Gov. Pat Quinn Signs Bill Legalizing Medical Marijuana
By Sean Powers and Tony Arnold
Illinois Gov. Pat Quinn signed a bill on Thursday, making Illinois the 20th state to legalize the medical use of marijuana.
“This new law will provide that relief and help eligible patients ease their suffering, while making sure Illinois has the nation’s strictest safeguards to prevent abuse,” Quinn said.
The plan allows doctors in a pilot project to prescribe the treatment to people suffering from certain medical conditions, like multiple sclerosis and cancer.
Mike Benner, the executive director of the Greater Community AIDS Project of East Central Illinois, said this will also improve care for those living with HIV and AIDS.
“Some of the medications that people are on are still very toxic," Benner said. "They’re able to keep this virus at bay. So, they may have some issues with food tolerance and stuff like that. So, I do believe that it’ll probably help keep their appetite so that they can eat, but also I think it’ll help alleviate with a lot of the anxiety that just living with the virus can cause people.”
State Rep. Lou Lang (D-Skokie), who sponsored the bill in the House of Representatives, said medicinal marijuana will serve as a better alternative to pain relievers like morphine or Vicodin. He said those prescriptions have harmful effects.
“Those medications, which were designed to help them feel better actually ruined their lives,” Lang said.
Illinois’ medical marijuana law outlines a four-year pilot program requiring patients and caregivers to undergo background checks and sets provisions for state-regulated dispensaries.
Under the plan, patients are allowed no more than 2.5 ounces of cannabis every two weeks.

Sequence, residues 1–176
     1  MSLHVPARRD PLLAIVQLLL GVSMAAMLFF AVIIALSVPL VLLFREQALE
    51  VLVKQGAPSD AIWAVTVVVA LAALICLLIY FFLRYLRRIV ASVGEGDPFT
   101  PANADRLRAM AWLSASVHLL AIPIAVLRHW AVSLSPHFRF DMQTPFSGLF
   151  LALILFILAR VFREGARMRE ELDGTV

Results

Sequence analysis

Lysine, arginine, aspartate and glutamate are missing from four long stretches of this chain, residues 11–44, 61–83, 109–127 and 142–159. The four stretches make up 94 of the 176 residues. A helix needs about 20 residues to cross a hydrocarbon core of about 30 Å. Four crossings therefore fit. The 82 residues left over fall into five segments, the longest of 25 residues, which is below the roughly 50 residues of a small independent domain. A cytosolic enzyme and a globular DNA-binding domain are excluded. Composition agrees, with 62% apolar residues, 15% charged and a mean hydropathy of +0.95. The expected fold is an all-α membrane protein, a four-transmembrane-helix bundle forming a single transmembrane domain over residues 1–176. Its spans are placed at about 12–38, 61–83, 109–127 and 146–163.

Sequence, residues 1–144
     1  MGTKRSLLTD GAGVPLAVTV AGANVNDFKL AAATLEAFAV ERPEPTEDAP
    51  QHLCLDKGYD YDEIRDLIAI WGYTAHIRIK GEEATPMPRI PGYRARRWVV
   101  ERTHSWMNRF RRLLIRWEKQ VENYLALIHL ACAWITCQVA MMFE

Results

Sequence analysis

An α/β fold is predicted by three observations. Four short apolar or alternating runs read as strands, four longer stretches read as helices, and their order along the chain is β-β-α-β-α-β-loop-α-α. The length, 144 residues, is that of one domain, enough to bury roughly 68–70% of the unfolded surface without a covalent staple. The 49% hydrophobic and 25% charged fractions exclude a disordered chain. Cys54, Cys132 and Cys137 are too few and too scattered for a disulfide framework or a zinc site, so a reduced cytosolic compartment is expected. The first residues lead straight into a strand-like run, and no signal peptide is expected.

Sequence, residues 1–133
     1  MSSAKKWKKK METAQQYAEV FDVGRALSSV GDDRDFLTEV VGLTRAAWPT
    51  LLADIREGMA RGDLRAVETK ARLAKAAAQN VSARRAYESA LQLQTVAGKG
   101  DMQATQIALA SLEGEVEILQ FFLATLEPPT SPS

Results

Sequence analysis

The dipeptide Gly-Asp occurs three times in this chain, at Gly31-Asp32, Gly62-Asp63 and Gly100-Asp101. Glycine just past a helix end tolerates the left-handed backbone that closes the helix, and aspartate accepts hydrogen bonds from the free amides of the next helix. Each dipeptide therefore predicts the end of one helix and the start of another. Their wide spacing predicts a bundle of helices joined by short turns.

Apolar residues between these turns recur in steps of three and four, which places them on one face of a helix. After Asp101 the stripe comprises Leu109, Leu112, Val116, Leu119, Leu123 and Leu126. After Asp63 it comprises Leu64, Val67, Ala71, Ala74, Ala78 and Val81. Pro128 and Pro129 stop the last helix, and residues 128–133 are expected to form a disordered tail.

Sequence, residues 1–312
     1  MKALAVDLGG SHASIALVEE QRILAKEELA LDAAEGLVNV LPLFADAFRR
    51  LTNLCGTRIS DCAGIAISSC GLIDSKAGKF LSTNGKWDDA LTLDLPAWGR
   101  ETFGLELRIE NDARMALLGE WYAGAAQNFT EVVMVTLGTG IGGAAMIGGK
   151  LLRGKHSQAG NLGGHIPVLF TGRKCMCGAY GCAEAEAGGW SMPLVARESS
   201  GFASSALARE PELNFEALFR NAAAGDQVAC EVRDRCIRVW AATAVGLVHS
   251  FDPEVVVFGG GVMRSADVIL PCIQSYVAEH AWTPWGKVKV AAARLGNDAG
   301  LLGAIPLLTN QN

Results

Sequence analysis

Supporters say Illinois’ law is strictly regulated to prevent those who just want pot for recreational use to get it from a medical dispensary.
The bill does not take effect until Jan. 1, 2014, but it could be months after that before grow houses are set up and producing marijuana.
Meanwhile, other marijuana laws in Illinois may not change any time soon.
Attorney Brian Vicente worked to legalize and regulate the recreational use of marijuana in Colorado, which passed a ballot initiative last year.
"I think that it certainly will open up a broader dialogue about whether Illinois’ marijuana laws make sense or not," he said. "I think that when they see that this product can be regulated for sick people, they’ll say, ‘Well, you know, if we’re making tax money off this, why not just regulate it for all responsible adults?’"
But Gov. Quinn did not say much when asked on Thursday about decriminalizing marijuana.
"I think today is medical and that’s our focus," Quinn said. "Patient-centered. I think this is the right thing to do for today and that’s what I’m focused on."
Last year, Chicago adjusted its policing strategy to allow officers to ticket people caught with small amounts of marijuana instead of arrest them.